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Huddle make some great collaboration software. I first met Alastair and Andy at Open Coffee more than a year ago and they’re very nice chaps. I’m also a fan of Mike Butcher. But when I read Mike’s piece on Huddle’s study of opinions of “public sector workers” I hoped that he’d just skimmed the press release badly and regurgitated it without thinking too much – entirely understandable – it’s nearly holiday time.
However the press release is available on the Huddle site too. Though the actual study and important details of methodology are not, we are told that it’s the result of talking to 202 local authority officials a few weeks ago.
My gripes are:
- The use of “public sector workers” to describe the study sample as in “more than half of public sector workers (52%) are disappointed with lack of innovation in IT services”. No. More than half of the officials asked maybe, but 202 people in local government are not necessarily representative of the public sector as a whole.
- Government with a capital G usually means central government and the executive in particular “One third (32.5%) believe the Government’s IT problems could be solved by buying from local, UK-based companies” So were these local government people asked about the Government’s IT purchasing policy or their own?
- The confusion of unwillingness to adopt social software in local government with Central Government IT overspends.
- No details of what sorts of local government officials these were – either in terms of service area or in terms of seniority or responsibility for decision making.
- An assumption that IT departments are the problem – is there evidence that those authorities that have banned Facebook have done so entirely on the say so of IT? Surely it’s more complex than that?
I want to make it clear that I’m sure I probably agree with most of the findings of this report and other people would find some clear facts about staff opinions in this area valuable , it’s the sloppy reporting that I find annoying – can someone who actually knows something about the subject give us a decent summary?
I thought I’d write about the stuff I took to my videoblogging masterclass last week. I’d like to repeat the process with other clients – and maybe a public one – it worked well in a small group of communications specialists and people from lines of business. I’d have liked to have done it all more openly too, but one of the requirements from the client was that everything was kept private (it was part of an internal conference on risk management)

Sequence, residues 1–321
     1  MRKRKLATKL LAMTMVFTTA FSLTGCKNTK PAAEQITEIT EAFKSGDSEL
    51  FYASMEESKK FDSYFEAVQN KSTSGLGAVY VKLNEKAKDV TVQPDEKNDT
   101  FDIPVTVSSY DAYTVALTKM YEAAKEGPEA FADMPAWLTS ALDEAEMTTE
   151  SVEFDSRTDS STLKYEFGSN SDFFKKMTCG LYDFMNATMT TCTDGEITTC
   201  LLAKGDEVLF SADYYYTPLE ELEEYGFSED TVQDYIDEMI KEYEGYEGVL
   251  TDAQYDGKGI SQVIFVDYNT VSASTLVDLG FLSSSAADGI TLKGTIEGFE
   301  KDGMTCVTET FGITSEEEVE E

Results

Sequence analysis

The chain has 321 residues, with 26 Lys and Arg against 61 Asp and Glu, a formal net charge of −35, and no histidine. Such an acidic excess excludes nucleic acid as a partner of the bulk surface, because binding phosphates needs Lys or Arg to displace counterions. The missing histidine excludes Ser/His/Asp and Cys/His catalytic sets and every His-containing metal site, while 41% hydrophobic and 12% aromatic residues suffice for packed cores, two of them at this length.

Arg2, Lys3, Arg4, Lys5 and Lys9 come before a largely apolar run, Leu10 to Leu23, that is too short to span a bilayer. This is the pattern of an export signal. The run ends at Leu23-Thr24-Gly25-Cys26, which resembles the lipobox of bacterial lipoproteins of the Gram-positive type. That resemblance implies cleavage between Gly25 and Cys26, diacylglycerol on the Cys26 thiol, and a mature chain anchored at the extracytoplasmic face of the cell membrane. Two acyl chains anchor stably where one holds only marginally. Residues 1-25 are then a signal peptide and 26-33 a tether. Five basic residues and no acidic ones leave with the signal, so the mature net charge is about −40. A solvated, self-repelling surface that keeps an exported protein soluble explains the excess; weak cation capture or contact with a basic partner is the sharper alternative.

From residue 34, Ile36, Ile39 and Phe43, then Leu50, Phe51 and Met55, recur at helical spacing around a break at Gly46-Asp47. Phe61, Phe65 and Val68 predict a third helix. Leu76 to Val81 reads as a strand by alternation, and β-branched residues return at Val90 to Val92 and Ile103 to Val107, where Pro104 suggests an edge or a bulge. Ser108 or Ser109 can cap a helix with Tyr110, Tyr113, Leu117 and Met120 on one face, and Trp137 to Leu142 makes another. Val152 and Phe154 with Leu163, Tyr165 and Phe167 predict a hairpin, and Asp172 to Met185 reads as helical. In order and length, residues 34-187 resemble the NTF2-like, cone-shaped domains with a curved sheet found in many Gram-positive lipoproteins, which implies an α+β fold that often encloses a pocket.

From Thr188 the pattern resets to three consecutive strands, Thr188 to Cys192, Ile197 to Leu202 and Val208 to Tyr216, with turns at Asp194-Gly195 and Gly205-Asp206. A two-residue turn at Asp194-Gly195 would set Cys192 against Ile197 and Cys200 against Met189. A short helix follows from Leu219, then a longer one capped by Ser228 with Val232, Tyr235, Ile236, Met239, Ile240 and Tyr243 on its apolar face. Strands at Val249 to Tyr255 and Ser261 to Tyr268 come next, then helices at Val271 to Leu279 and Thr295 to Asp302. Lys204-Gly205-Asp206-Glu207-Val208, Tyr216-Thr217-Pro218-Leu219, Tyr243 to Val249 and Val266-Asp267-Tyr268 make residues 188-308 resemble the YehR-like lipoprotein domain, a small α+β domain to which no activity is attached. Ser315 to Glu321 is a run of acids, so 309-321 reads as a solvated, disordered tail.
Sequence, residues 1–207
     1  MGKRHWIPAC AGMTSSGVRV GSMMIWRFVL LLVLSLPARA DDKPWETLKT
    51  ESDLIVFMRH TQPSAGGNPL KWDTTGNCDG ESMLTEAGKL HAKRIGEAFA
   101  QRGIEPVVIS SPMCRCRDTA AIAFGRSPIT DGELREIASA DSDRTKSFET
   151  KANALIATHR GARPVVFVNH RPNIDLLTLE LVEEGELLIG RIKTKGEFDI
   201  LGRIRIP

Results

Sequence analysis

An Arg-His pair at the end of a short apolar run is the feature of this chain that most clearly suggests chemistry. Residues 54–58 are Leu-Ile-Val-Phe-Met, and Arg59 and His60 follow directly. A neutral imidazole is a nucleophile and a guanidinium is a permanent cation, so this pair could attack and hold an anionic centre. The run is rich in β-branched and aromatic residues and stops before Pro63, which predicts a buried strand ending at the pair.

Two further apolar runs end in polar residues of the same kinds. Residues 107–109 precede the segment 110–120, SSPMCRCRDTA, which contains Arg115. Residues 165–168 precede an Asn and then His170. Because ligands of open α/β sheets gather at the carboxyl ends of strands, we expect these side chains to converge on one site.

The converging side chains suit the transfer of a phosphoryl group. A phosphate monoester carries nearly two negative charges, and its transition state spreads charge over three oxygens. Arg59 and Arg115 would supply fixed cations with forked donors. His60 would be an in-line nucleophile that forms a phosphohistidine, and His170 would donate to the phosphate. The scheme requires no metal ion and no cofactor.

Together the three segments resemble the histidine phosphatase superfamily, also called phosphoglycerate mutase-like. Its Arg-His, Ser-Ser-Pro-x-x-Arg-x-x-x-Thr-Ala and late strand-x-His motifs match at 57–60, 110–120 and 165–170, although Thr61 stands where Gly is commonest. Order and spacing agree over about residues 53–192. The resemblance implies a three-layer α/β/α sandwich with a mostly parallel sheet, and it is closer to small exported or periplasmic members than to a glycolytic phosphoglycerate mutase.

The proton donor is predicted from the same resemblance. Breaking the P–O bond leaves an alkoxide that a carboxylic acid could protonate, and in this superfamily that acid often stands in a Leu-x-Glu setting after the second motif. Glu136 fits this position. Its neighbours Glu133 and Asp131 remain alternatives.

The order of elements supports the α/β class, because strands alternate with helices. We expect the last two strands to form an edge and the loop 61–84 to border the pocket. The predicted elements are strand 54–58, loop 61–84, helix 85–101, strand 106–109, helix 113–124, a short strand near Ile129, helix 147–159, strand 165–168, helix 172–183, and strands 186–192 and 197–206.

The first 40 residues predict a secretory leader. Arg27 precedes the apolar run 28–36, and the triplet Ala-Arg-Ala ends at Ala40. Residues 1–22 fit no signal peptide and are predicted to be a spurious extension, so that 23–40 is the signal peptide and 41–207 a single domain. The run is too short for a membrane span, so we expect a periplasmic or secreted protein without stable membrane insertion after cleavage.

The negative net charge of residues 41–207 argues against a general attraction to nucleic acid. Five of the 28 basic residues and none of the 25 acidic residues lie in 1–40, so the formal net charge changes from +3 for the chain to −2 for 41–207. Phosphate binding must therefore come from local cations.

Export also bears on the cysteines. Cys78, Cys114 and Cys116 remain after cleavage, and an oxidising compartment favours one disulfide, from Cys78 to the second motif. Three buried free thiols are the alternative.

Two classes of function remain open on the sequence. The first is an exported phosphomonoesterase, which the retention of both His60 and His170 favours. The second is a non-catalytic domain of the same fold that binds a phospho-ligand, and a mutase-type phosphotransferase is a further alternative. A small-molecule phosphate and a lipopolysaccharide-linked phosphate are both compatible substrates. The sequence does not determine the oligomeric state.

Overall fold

I started with my background in social media as a whole and how I’ve been thinking about it helping internal communications and knowledge management for as long as I’ve been blogging.
Then I took a look at the technology. I started with the obvious – get a DV camera, point it at someone and record what they’re saying. I then showed how to simply take that footage, edit it quickly using Windows Movie Maker, add a title and some credits and create a movie file. I think this is simple now and there are tutorials all over the web, but I forgot how complicated it can seem if you’ve never seen it before.
Then I looked at video clips as conversations, using seesmic as an example. We looked at some conversations and saw how being informal helps to convey more information. I talked about how the community had grown up and about my experience of meeting and building relationships with people I’d known about before, but never got to know properly until we “met” on seesmic.
And finally we looked at mobile video – briefly touching on using your phone to record files, edit and transfer to the web like this master, but focusing mainly on live streaming, using qik as an example. I’m very grateful to Jackie at qik for shipping me an N82 so that I could demo this properly (and I seem to have really gotten the bug since then!) I’m not sure that the whole group in the class fully understood what was going on but one or two were gobsmacked and very excited by the potential of this.
We spent the second half of the morning talking about the cultural impact of doing this sort of thing, the risks involved and the kinds of practical applications that they could envisage. And then (oh noes!) we got onto why any use of video would be difficult (read “nigh on impossible”) in their current IT environment. This also led onto an interesting discussion about broadcast versus narrowcast and an understanding that not everything that gets published needs to be accessed by everybody else.
So yeah, give me more of these please.